Quick ways to increase your score and sound like a human being

  • Say “you” and “we.”
  • Cut 98% of adjectives and adverbs.
  • Write active sentences that make clear who does what.
  • Use strong verbs instead of wimpy “is.”
  • Look for tacked-on clauses (“blah blah, which…” “blah blah, because…”). Turn them into standalone sentences.

How to check your score in Word

The readability check is part of Word’s spelling and grammar check. So, check your spelling. If you don’t see a window with readability statistics, you need to turn on the feature:

  1. Open Options and then Proofing.
  2. Find the section titled “When correcting spelling and grammar…”
  3. Check the box next to “Show readability statistics.”
  4. Check your spelling. You should see the readability results.

Be sure to check a big chunk of text–500 words or more. Short snippets give unreliable results.

Check both on-screen text and narration scripts. All the text associated with your material should be concise, easy to understand, and direct. A lot of narration sounds dull and de-motivating because it’s coming from the “Suits” category.

Why not use grade level?

  1. Grade-level statistics have too much baggage. People worry about offending their audience by writing “below” their educational level. For example, a stakeholder could say, “Our learners all finished college. Therefore, we should write at grade 16. Writing lower than that dumbs down the material.” Using the reading ease score and keeping the conversation focused on magazines read by adults avoids these issues.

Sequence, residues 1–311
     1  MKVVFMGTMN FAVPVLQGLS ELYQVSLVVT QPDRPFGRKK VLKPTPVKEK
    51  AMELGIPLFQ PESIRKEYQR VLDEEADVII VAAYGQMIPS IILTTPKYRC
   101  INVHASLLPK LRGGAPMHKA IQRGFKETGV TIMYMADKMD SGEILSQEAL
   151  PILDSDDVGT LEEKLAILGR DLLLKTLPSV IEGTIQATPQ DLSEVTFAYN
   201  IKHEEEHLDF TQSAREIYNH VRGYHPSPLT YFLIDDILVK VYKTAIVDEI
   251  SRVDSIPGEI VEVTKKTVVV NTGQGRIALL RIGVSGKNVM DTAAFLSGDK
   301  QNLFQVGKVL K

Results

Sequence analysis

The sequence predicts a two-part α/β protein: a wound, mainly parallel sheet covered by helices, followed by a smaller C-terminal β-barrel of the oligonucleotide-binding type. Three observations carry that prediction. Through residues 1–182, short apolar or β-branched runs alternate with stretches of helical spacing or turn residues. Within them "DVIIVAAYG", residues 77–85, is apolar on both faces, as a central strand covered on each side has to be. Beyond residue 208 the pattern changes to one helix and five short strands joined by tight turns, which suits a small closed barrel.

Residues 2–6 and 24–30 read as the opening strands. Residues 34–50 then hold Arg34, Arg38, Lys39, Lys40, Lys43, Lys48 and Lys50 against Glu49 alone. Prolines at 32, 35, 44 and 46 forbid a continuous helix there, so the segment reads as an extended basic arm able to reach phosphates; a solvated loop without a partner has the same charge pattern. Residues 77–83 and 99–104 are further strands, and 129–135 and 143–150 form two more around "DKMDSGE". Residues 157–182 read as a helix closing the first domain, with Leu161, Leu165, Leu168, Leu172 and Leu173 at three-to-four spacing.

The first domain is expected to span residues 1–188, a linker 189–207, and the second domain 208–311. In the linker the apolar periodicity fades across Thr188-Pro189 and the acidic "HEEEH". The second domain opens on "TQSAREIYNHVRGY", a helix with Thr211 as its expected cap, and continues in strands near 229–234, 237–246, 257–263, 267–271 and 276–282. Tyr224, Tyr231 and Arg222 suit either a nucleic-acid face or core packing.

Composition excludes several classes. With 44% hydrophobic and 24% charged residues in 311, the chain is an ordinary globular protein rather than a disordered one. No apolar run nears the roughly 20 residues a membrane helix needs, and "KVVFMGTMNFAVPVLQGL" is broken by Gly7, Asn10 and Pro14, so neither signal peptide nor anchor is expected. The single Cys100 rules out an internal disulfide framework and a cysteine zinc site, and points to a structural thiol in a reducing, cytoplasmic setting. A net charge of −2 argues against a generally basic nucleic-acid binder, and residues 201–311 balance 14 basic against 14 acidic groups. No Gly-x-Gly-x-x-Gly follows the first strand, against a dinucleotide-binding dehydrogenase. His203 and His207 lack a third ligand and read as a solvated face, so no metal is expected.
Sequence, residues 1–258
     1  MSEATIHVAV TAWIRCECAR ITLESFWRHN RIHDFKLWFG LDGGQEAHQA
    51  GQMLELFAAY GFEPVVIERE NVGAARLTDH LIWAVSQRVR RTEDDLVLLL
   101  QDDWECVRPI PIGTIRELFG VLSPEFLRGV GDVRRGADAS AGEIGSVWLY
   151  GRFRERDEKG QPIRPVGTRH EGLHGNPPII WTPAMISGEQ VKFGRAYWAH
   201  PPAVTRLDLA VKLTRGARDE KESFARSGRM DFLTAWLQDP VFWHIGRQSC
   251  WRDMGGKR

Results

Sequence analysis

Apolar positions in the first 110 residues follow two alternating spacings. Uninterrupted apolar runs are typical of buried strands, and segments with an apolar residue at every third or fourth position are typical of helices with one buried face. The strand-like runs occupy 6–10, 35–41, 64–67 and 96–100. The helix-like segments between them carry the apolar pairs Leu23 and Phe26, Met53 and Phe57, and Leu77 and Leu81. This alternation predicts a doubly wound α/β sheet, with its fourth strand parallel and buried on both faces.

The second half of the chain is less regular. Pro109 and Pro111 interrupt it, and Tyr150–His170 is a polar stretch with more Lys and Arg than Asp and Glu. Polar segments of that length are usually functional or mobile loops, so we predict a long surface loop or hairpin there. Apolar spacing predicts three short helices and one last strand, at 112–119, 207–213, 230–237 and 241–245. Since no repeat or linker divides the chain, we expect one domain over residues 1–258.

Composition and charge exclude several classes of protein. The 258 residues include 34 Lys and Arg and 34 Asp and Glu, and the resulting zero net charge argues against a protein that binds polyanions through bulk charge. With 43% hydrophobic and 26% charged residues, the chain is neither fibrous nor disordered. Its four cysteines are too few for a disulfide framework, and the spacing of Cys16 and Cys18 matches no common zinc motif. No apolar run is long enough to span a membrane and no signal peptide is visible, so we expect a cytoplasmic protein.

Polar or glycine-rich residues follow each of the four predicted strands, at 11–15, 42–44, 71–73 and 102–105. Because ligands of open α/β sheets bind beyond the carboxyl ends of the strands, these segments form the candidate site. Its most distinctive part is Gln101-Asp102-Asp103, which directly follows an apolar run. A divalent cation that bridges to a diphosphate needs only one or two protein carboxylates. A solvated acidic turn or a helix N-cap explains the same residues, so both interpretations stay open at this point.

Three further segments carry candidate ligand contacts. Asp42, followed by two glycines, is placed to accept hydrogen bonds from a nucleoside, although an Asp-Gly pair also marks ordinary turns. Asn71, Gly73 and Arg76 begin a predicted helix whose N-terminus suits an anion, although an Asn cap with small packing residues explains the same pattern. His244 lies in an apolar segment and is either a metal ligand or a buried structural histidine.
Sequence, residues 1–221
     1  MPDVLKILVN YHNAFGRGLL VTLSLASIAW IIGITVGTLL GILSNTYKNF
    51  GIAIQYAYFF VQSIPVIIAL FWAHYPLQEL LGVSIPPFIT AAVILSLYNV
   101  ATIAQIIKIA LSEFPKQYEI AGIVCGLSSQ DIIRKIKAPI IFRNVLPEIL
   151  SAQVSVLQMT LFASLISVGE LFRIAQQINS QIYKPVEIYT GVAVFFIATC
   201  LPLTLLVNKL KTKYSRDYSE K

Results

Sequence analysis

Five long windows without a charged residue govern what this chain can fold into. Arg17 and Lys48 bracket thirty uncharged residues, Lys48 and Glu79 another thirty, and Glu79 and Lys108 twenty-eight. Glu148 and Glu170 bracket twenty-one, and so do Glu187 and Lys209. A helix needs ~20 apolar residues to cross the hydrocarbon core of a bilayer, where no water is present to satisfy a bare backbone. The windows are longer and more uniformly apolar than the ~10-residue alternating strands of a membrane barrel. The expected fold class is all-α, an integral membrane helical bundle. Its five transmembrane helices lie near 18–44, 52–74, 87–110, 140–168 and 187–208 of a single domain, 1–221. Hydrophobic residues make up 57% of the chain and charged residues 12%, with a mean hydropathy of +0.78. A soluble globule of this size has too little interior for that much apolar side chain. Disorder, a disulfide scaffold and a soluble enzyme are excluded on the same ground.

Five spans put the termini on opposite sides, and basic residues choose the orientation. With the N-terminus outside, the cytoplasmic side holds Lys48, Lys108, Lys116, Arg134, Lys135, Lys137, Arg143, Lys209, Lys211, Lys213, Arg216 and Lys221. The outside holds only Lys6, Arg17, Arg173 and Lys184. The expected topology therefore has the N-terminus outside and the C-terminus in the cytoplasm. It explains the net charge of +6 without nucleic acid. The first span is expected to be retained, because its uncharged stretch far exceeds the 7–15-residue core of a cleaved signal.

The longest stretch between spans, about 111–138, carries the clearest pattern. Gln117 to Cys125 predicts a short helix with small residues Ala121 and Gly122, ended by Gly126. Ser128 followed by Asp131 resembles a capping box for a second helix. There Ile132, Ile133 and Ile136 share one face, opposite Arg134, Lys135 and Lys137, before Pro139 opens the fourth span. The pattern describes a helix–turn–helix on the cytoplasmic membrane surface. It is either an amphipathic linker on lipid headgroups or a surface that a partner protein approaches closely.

2. Grade levels aren’t global. “Seventh grade” means different things in different cultures, while the reading ease score isn’t tied to the US educational system. You can really localize the process by determining the reading ease scores of local magazines and comparing your materials to them.

For way more about this topic, including research and how-to guides, see Writing for the Web and Patti Shank’s 2017 book, Write and Organize for Deeper Learning.

How to respond to “Make one course for everyone”

“I’ve got a great idea!” says the new employee at Acme Tea Company. “Some people like iced tea. Other people like hot tea. Let’s make everyone happy by selling room-temperature tea!”

The L&D equivalent sounds like this:

  • “Everyone needs to be aware of this, so put a course on the LMS and assign it to all employees.”
  • “Make a course about the new product features for the repair people, help desk, and sales staff.”
  • “Everyone should treat patients with respect, so let’s create a workshop for all staff.”

The result? A bland, room-temperature information dump that everyone quickly forgets. Here’s how to get your client to take a more effective approach.

1. Solve a problem. Don’t just deliver information.

Group of iconic people being subjected to an information dumpOur clients often expect us to install information in people’s heads. Instead, we need to ask the right questions to uncover the problem that the information will supposedly solve.